Mountain News: Telluride expecting big drop in revenues 

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LAKE LOUISE, Alberta – Climate change caused by greenhouse gas emissions has been called the greatest challenge of our times. But at least in Canada, it will have to wait.

“We will not aggravate an already weakened economy in the name of environmental progress,” said Jim Prentice, minister of environment for the Canadian government.

Prentice spoke at a forum held in Lake Louise in conjunction with the World Cup ski races. The theme this year, as last, was climate change, and Prentice acknowledged climate change is the “pre-eminent environmental issue of our time.” What is needed, he said, is an “acceptable balance between measurable environmental progress and steady economic growth and prosperity.”

The Rocky Mountain Outlook says that former California Governor Pete Wilson also spoke at the forum, and he said that California’s front-edge politics regarding energy use have gone too far. “There is a need for a kind of realism to be expressed, but California is not waiting,” said Wilson.

Wilson advocates nuclear power, but is dubious of carbon-sequestering technology, which would allow the abundant coal resources to continue to be used. Sequestering of carbon, however, has so far defied efforts to do it in any broad, large-scale way.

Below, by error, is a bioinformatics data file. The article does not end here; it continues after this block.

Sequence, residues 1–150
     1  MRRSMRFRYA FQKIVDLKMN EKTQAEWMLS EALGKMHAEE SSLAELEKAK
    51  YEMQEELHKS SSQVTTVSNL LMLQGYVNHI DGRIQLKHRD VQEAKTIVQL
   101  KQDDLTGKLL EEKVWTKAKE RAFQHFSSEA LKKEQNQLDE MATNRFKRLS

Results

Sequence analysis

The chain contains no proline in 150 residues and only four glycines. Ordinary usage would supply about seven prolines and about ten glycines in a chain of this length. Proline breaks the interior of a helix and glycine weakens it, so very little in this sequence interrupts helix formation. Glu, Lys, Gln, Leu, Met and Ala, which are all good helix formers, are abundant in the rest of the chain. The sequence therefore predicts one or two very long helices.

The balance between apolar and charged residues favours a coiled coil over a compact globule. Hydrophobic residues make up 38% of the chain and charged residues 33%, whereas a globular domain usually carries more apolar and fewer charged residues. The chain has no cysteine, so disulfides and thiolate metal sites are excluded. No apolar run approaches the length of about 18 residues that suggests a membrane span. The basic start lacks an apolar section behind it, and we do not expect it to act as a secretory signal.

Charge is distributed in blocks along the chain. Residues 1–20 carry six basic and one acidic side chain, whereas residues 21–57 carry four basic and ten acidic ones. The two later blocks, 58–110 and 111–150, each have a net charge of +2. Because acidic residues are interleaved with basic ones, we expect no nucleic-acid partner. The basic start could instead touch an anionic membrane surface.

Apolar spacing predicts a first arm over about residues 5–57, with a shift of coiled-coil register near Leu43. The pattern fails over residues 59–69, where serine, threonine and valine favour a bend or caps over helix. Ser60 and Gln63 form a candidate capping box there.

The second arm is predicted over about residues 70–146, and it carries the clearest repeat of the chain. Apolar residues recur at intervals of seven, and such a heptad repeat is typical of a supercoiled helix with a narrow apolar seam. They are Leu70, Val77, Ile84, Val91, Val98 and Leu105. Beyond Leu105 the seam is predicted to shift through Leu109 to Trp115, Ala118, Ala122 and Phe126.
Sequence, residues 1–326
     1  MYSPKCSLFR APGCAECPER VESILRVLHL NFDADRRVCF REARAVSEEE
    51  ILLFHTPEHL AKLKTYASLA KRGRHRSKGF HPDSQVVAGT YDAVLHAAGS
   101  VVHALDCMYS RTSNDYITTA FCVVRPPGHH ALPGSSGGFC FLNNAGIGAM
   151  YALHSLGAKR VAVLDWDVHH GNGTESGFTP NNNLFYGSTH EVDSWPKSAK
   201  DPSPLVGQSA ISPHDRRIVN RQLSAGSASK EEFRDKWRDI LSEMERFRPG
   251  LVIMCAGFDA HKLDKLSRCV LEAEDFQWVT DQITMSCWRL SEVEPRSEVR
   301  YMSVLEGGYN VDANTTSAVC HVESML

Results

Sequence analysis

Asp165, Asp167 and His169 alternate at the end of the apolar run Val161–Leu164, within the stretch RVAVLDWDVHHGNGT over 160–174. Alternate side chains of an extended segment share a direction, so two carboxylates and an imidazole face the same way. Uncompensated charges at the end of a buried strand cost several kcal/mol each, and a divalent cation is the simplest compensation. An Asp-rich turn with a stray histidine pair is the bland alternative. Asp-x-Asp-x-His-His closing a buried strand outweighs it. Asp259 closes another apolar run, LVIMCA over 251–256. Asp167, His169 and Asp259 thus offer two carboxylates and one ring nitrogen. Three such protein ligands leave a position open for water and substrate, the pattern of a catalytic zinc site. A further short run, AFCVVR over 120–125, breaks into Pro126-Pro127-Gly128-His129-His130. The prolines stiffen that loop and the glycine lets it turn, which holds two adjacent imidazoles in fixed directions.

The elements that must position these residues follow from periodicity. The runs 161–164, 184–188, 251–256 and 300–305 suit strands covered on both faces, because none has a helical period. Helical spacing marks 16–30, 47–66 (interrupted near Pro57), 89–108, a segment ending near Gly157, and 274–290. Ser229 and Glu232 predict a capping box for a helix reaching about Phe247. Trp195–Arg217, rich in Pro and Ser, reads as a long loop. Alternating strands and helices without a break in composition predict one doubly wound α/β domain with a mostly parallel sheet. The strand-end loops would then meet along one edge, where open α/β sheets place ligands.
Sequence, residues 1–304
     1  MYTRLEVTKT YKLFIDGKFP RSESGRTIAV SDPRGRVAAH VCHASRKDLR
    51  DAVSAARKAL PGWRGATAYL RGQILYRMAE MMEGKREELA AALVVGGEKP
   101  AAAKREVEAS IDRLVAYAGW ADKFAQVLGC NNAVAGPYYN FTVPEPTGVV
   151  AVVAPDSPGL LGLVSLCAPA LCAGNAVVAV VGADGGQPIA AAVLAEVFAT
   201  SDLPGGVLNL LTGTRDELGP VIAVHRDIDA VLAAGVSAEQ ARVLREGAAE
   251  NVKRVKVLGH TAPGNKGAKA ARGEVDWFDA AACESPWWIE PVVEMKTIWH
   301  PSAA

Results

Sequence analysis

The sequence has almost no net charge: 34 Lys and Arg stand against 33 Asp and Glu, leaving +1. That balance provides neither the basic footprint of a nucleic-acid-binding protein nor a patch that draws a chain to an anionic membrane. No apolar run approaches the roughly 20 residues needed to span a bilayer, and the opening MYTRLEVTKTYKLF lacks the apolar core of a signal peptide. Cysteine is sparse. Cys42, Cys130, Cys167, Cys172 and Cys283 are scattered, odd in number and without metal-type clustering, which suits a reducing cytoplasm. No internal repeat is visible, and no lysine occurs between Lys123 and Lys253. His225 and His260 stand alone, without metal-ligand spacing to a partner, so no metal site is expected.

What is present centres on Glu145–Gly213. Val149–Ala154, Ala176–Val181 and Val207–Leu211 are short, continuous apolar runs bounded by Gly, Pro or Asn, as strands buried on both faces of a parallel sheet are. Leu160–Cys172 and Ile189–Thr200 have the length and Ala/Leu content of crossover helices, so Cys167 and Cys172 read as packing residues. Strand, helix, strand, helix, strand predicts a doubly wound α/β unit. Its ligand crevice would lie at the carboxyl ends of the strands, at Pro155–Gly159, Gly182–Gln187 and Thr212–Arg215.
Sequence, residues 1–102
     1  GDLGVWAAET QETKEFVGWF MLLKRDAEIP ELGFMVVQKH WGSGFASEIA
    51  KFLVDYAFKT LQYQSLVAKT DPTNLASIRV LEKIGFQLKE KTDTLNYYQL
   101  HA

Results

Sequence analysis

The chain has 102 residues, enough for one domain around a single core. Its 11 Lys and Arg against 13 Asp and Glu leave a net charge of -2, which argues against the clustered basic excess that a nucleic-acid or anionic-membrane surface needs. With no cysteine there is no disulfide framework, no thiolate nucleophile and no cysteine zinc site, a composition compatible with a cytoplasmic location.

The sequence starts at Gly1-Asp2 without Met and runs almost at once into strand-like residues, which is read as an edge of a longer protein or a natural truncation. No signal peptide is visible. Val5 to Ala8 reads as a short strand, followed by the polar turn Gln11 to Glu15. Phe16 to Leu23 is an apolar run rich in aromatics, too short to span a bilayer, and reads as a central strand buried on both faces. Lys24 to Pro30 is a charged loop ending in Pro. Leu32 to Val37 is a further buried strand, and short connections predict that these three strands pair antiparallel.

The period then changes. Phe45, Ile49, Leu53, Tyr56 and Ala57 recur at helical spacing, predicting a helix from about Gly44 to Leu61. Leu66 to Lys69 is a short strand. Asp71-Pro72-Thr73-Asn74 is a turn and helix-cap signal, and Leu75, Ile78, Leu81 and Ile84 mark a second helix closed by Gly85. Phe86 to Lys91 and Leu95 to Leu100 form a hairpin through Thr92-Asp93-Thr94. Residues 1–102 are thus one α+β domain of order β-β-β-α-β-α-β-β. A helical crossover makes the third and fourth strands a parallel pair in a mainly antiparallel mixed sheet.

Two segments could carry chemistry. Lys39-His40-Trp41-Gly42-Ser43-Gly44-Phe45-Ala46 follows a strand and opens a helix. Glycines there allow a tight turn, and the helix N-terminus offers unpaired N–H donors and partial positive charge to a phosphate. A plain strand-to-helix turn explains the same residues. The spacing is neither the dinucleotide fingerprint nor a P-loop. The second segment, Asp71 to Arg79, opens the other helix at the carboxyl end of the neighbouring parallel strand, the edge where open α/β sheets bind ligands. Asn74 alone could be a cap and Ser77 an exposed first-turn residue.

Marlo Raynolds, executive director of the Pembina Institute, a climate action group active in Canada, told reporters that a carbon tax is badly needed. Former U.S. President Al Gore, in an interview in Newsweek, is calling for the same thing, to be balanced by a reduction in payroll taxes.


Ketchum draws bio-tech company

KETCHUM, Idaho – While Ketchum continues its efforts to rebuild a tourism economy, it has taken a step in another direction. A company that creates reagents and antibodies for scientific researchers has set up shop in the town in quarters once occupied by Scott, the ski equipment manufacturer.

Most of the company’s 23 employees already lived in the Ketchum-Sun Valley area, said the company’s founder, Dr. John Stephenson. “We have no problem finding people here, and by hiring locally it means less turnover because they already know they like the area,” he told the Idaho Mountain Express.

With his wife, Brenda, he has a house in Ketchum and has been visiting for more than 20 years to ski and hike. He expects to get in 100 days of skiing this winter. As for housing costs for employees, he says the costs are no higher than in San Francisco and San Diego, where his competitors are based.

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